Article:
The key to making buttery soft biscuits is to keep the thickness of the dough and the baking time in balance. Baking for even one minute too long is enough to give you dry biscuits. You want to keep the dough nice and thick and pay super close attention to the baking time. You don't need to use cold butter and work into the flour until you get pea sized clumps, softened butter works just fine. More on this below.
The inspiration for this recipe comes from making Irish Soda Bread for St. Patrick’s Day. When I made the soda bread this year, I followed the instructions that I had written down in prior years to the “T”. It came out really well, super soft and buttery and very much like a biscuit. It made me think that a biscuit recipe wouldn’t be all that different. So I took that recipe and made a few adjustments. They are really not all the different from each other. The big change that I made was to add a little bit more butter. I also adjusted the cooking time and temperature, and reduced the amount of baking powder.
After making dozens and dozens of biscuits here are a few things that I learned.
- The thickness of the dough and the time baking in the oven makes all the difference. These need to be in balance in order to get a buttery, moist biscuit. Even a minute too long in the oven can dry out the biscuits. So, watch it carefully. It’s just like cooking shrimp, one minute too long can ruin it.
- You do not need to use cold butter, softened is fine. This is contrary to everything that you will read about biscuits. I imagine that if you work in a restaurant or pride yourself on the best biscuits ever, that this can potentially be a helpful step to get extra flaky layers. But, like with making pie crust, if you’re making these up at home, it really doesn’t make that much of a difference, and in my book it’s not worth the extra effort. I have done it both ways, and really see no difference at all between using cold butter that you dice into small pieces and mix with the flour until you get pea-sized amounts and butter that is softened in the microwave. I still get a flaky biscuit either way.
- You also do not need to brush the tops with melted butter or an egg wash before baking. It’s an extra step that can be eliminated. It does not change the appearance of the biscuits all that significantly. (Though this does make a difference for pie crusts.)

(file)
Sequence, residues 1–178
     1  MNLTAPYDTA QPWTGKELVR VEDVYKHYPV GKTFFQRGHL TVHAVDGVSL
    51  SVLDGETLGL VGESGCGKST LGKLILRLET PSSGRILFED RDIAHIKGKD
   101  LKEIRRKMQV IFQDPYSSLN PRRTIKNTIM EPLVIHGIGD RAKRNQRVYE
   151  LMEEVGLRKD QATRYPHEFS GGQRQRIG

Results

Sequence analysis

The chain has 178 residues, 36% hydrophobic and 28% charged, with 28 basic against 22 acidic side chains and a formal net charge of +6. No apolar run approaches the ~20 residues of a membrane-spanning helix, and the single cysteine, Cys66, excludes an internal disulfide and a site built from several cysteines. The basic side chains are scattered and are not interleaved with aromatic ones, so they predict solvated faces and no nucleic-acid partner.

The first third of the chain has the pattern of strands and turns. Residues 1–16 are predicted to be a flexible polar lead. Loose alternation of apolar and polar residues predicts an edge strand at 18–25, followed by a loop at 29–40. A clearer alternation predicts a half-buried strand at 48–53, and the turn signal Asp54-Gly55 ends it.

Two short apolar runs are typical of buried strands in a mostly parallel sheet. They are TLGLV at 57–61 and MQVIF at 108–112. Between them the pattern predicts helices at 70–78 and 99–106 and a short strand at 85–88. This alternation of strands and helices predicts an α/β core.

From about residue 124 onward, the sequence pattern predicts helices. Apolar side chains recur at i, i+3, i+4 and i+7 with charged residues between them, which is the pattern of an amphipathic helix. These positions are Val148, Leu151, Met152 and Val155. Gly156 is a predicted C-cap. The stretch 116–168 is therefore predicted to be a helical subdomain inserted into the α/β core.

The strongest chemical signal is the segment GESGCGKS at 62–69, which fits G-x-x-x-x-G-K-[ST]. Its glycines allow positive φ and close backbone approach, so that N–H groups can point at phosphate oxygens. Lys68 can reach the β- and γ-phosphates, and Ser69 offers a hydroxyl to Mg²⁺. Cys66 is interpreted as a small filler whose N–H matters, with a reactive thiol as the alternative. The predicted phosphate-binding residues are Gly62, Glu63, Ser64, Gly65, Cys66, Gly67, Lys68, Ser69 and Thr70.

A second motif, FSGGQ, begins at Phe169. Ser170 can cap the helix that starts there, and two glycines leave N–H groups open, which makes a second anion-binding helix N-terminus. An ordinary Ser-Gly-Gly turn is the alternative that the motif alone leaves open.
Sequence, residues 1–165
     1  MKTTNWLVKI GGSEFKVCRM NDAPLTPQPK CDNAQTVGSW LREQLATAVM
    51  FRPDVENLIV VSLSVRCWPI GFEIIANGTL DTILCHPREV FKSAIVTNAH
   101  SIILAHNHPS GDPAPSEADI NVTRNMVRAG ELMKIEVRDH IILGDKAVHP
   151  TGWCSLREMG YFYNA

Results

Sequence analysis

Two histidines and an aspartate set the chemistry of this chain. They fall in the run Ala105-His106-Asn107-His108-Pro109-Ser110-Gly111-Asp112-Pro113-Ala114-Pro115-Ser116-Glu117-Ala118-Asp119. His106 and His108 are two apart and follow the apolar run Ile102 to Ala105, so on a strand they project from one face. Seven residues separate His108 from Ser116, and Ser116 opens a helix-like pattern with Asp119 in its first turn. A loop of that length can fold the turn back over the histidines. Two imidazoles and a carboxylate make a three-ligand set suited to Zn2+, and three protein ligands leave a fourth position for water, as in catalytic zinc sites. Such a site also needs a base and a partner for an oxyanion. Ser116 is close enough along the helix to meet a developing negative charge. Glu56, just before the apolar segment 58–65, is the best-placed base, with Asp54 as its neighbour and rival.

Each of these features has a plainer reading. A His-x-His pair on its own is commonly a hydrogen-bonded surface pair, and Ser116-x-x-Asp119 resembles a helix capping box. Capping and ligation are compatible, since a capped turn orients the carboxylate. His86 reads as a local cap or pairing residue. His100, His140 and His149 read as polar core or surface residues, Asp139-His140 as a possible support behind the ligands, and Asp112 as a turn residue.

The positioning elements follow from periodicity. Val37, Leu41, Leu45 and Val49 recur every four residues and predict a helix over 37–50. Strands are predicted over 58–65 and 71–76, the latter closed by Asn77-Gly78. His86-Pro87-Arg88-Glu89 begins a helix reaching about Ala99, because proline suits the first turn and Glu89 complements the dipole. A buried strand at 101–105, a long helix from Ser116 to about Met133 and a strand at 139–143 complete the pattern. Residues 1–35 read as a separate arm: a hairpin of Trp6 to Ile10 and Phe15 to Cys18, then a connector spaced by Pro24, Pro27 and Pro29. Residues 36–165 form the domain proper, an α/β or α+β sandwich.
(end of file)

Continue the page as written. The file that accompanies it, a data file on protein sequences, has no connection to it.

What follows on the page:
- Don’t overmix the dough.
- Using a sharp knife or a biscuit cutter (with sharp bottom) does help. It allows the biscuits to rise by not sealing the edges when cutting into the dough.
- If using a biscuit cutter, press straight up and down, and do not twist, to avoid sealing the edges.
- Biscuits are best served immediately out of the oven, and at the latest on the day of baking.
- 6 tbsp butter, softened
- 1 egg
- 1 cup buttermilk
- 2 cups flour + ¼ cup
- 1½ tsp baking powder
- 1 tsp baking soda
- ½ tsp salt
- 1 tbsp sugar
- In a large mixing bowl, roughly combine the butter, egg, and buttermilk. I use a large spoon and break up the softened butter a little bit, while mixing the egg and buttermilk.
- Add the 2 cups flour, baking powder, baking soda, salt, and sugar. Stir until just combined.
- Fill a quarter cup measuring cup with flour, and set it aside. I use this flour to dust the counter and the dough. I will typically only use about half or even less than half of the quarter cup. Separating it out helps you see how much extra flour you are using which helps you to limit how much you are adding.
- Dust a sprinkle of flour on the counter and turn out the dough. Dust the top of the dough with flour and roughly shape into a ball. Then flatten out the ball of dough into a rectangle, ensuring that there’s a small dusting of flour underneath so that it does not stick. It should be an inch thick or even slightly thicker. If you have a ruler handy you can measure it.
- Using a biscuit cutter, or a sharp knife, cut out 6 biscuits, I use a 2 ¾ inch biscuit cutter.
- Place close together on a baking sheet. Having them close tougher will help them to rise.
- Bake at 375°F for 15-16 minutes.